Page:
Investment in Eastern Europe has been a hazardous business over the last three years. This is reflec...
Investment in Eastern Europe has been a hazardous business over the last three years. This is reflected in the performance statistics of the Micropal universe of offshore funds, with relatively few managers achieving positive returns over that time period.
The mean average three year return for the 74 funds investing in the sector has been -24.58%. This breaks down as -9.01% over one year, 16.66% from December 1998 through November 1999, and -8.75% from December 1997 through November 1998.
Top performer in the sector over the three-year period is the CB Fund European Emerging Market vehicle. This has achieved a return of 44.47% over three years to the end of November 2000, breaking down as 13.55% over one year, 33.25% from December 1998 through November 1999, and -4.52% from December 1997 through November 1998.
The fund has been run by Jupiter fund manager Elena Shaftan since September 2000, following the departure of Simon Pickard who had managed it since inception.
Shaftan said: "The style involves a balanced approach, starting with a top-down assessment of the countries in the region. While sectors are clearly becoming more correlated in global markets, we think the country decision is still more important than the sector call for emerging markets.
"We look at a number of factors including economic growth, inflation trends, and current account deficit and the government's commitment to structural reform.
"Having assessed the country factors, we look at sectors to find where there is sustainable non-cyclical earnings growth momentum.
"After that we look at company level, aiming to find market leaders with strong and sustainable margins as well as a strong balance sheet and committed management. We also pay close attention to valuations, to ensure we are not over-paying for growth."
The strength of the individual company is all-important, however. "Often I do a country and sector assessment and am unable to find a good enough company in which case the bottom-up factor takes precedence."
At present, on a macro view, Shaftan is positive on Poland and Hungary. "These countries have suffered during the past year because of the strong oil price both are net importers of oil and the weak euro, which has hurt them because they both export to Europe.
"This resulted in the widening of current account deficits and a pickup in inflation. Now these trends are reversing, there is the potential for momentum in these economies going forward.
"Russia has benefited during the year from the strong oil price, and although it has outperformed in relative terms, the absolute gain has not been that strong because it has been perceived as a high-risk investment area.
If the Fed cuts interest rates, Russia could benefit even though the decline in oil prices is negative for the economy."
Favoured stocks include Surgutneftegaz and mobile operator MTS, while holdings in Poland and Hungary include Polish media company ITI holdings, while in Hungary she favours OTP and Gideon Richter in Hungary.
One of the few funds to have achieved positive returns is Baring Eastern Europe. The fund has been managed by Klaus Boxstaller since August 2000. However, prior to this it was run from its inception by Rory Landman and Martin Taylor, who left Barings in August 2000 to join Thames River Capital.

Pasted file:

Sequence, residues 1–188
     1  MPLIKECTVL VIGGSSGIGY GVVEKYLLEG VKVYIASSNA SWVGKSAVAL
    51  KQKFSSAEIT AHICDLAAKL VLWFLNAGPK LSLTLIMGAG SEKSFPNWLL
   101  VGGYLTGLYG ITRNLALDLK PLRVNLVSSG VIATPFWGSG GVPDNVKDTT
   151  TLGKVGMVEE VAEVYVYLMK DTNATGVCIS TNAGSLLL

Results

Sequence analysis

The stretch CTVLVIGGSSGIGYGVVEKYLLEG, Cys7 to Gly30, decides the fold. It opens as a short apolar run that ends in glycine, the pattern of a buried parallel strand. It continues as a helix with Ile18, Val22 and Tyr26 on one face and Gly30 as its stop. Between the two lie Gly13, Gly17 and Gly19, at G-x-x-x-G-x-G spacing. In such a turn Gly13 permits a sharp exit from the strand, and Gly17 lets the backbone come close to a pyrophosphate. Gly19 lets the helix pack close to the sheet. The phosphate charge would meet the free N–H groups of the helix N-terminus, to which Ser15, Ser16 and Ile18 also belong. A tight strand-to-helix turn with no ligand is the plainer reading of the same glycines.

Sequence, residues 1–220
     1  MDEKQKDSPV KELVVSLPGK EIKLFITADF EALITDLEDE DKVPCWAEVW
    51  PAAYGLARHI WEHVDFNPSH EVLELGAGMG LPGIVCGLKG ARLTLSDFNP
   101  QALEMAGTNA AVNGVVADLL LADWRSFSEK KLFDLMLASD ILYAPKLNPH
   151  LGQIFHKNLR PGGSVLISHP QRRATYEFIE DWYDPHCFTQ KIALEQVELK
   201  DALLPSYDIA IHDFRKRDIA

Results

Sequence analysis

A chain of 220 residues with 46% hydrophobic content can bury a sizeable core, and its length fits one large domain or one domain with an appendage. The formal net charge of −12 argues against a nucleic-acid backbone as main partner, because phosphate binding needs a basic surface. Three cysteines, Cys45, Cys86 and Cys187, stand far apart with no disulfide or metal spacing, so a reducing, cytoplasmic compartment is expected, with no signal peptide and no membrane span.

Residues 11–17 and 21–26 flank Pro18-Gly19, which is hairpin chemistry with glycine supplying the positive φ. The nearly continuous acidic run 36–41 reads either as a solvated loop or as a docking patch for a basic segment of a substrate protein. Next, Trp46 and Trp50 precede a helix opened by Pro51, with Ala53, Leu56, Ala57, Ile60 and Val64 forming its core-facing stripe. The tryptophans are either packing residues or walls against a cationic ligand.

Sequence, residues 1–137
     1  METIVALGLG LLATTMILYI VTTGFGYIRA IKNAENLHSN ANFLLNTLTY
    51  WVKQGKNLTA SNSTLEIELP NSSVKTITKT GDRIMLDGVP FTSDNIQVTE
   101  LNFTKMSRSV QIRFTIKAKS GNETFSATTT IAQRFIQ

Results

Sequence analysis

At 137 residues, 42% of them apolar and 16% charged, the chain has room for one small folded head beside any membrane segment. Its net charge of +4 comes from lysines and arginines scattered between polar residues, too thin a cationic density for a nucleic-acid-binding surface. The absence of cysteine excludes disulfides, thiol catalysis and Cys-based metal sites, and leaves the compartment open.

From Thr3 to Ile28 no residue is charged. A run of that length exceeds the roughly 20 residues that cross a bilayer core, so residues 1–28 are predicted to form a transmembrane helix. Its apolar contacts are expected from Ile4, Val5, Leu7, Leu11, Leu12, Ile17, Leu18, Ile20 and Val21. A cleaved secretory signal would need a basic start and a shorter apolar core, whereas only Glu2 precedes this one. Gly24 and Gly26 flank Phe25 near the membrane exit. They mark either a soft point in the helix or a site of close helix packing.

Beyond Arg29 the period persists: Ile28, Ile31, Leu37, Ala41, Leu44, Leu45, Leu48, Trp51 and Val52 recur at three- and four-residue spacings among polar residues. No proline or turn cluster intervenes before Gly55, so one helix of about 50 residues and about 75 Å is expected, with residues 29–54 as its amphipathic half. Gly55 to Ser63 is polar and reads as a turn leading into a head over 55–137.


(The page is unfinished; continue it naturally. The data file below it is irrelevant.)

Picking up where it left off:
At Thames River the pair now run a long-only Dublin-based vehicle as well as a hedge fund. Landman and Taylor's style uses intensive bottom-up research, reflecting the former's background as a private equity investor in the region, with the addition of a strong top-down macro-economic element.
Landman says: "While we do a lot of fundamental research on companies, we also take a view on the direction of markets. Overall we are looking for surprises relative to the consensus estimate at company level this would mean growth surprises, while at the market level it would mean the cost of capital essentially a macro call."
Landman's major theme at the macro level at present is the trend reversal going on with regard to the weakening oil price and the strengthening of the euro relative to the dollar. "Both these phenomena stem from a change in US growth expectations and should have a significant positive impact on central European markets.
"In addition, the Nice conference has been a net positive for expectations of the central European countries joining the EU. While this has been on the cards for some time, the reality of the situation that these countries will eventually join is reaching an ever-wider audience."
The same factors that are boosting the central European markets are, however, having a detrimental effect on Russia, particularly the reversal of the oil price trend. Landman also believes the market has been hurt by the general increase in risk-aversion evidenced by the underperformance of Nasdaq.
Despite the strategic underweighting of the Russian market, Landman favours Surgutneftegaz. "It is a highly cash-generative company with a good cash pile and is well-managed. There have been some questions about the relative tardiness of the management to take account of minority investors, particularly with regard to dividend payments, but we believe they will deliver."
Robin Geffen, manager of the Orbitex Eastern Europe and Russia fund, has a different view on the top-down allocation level, believing Russia offers the best value in the region at present.
"Russia is almost a warrant on Nasdaq at present. The volatility of the oil price and problems in Turkey have seen it de-rated, and it is now the cheapest market in the region.
"With regard to the convergence plays Hunga
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